Lung Infarction due to Pulmonary Vein Stenosis after Ablation Therapy for Atrial Fibrillation Misdiagnosed as Organizing Pneumonia: Sequential Changes on CT in Two Cases.

Kwon MR, Lee HY, Cho JH, Um SW - Korean J Radiol (2015)

Serial imaging findings over 21-month period of 49-year-old man with history of ablation therapy.A, B. On 16-month post-ablation non-enhanced CT (lung windows), multiple nodular lesions (arrowheads) and linear parenchymal band (arrows) in left upper lobe are detected. C, D. On 18-month post-ablation follow-up CT, multiple nodular lesions are seen to disappear, though new nodules (arrows) are visible in lingular division of left upper lobe. Interstitial septal thickening (arrowheads) is prominent. E, F. On 21-month post-ablation follow-up CT, nodular lesions had disappeared but multiple additional nodules (arrowheads) are noted in left upper lobe. G. Pre-ablation cardiac CT (mediastinal windows) shows normal left superior pulmonary vein (arrows). H. On 18-month follow-up non-enhanced CT image, there is no significant stenosis of left superior pulmonary vein (arrows). I, J. But on 21-month follow-up axial (I) and coronal (J) contrast-enhanced CT images show severe stenosis (arrowheads at stenosis site) of left superior pulmonary vein (arrows).
© Copyright Policy - open-access
Related In: Results  -  Collection

License
Show All Figures
getmorefigures.php?uid=PMC4499562&req=5

Figure 1: Serial imaging findings over 21-month period of 49-year-old man with history of ablation therapy.A, B. On 16-month post-ablation non-enhanced CT (lung windows), multiple nodular lesions (arrowheads) and linear parenchymal band (arrows) in left upper lobe are detected. C, D. On 18-month post-ablation follow-up CT, multiple nodular lesions are seen to disappear, though new nodules (arrows) are visible in lingular division of left upper lobe. Interstitial septal thickening (arrowheads) is prominent. E, F. On 21-month post-ablation follow-up CT, nodular lesions had disappeared but multiple additional nodules (arrowheads) are noted in left upper lobe. G. Pre-ablation cardiac CT (mediastinal windows) shows normal left superior pulmonary vein (arrows). H. On 18-month follow-up non-enhanced CT image, there is no significant stenosis of left superior pulmonary vein (arrows). I, J. But on 21-month follow-up axial (I) and coronal (J) contrast-enhanced CT images show severe stenosis (arrowheads at stenosis site) of left superior pulmonary vein (arrows).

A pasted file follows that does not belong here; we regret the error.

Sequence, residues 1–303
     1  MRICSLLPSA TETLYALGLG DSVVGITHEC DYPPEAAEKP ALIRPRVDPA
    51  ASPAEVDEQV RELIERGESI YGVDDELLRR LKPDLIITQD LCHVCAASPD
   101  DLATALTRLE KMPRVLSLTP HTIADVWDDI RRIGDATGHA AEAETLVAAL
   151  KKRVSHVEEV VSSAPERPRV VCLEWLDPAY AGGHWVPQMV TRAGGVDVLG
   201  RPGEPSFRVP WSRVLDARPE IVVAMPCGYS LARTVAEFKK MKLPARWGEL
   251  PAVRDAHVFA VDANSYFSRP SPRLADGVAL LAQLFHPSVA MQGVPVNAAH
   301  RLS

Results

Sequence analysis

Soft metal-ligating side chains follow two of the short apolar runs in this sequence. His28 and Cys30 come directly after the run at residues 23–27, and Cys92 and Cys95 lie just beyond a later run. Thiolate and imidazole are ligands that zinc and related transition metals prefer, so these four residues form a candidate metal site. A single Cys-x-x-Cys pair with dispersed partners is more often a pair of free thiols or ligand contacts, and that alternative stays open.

Mentions: Sixteen months later, the patient revisited the hospital because of a small amount of recurrent hemoptysis and left-sided chest pain. Physical examination and laboratory studies were within normal limits. Chest radiography showed a focal linear opacity with consolidation in the left upper lung zone and non-enhanced CT revealed ill-defined nodular lesions and a parenchymal band in the left upper lobe (Fig. 1A, B). A definitive diagnosis was not made at that time since the patient had no evidence of infection and CT findings did not correlate with the typical presentation of pneumonia, interstitial lung disease, or vasculitis. As a result, the patient was diagnosed with organizing pneumonia with plans for a follow-up CT study two months later.

Bottom Line: Pulmonary vein (PV) stenosis is a complication of ablation therapy for arrhythmias.We report two cases with chronic lung parenchymal abnormalities showing no improvement and waxing and waning features, which were initially diagnosed as nonspecific pneumonias, and finally confirmed as PV stenosis.When a patient presents for nonspecific respiratory symptoms without evidence of infection after ablation therapy and image findings show chronic and repetitive parenchymal abnormalities confined in localized portion, the possibility of PV stenosis should be considered.

View Article: PubMed Central - PubMed

Affiliation: Department of Radiology and Center for Imaging Science, Samsung Medical Center, Sungkyunkwan University School of Medicine, Seoul 135-710, Korea.

ABSTRACT
Pulmonary vein (PV) stenosis is a complication of ablation therapy for arrhythmias. We report two cases with chronic lung parenchymal abnormalities showing no improvement and waxing and waning features, which were initially diagnosed as nonspecific pneumonias, and finally confirmed as PV stenosis. When a patient presents for nonspecific respiratory symptoms without evidence of infection after ablation therapy and image findings show chronic and repetitive parenchymal abnormalities confined in localized portion, the possibility of PV stenosis should be considered.

No MeSH data available.


Related in: MedlinePlus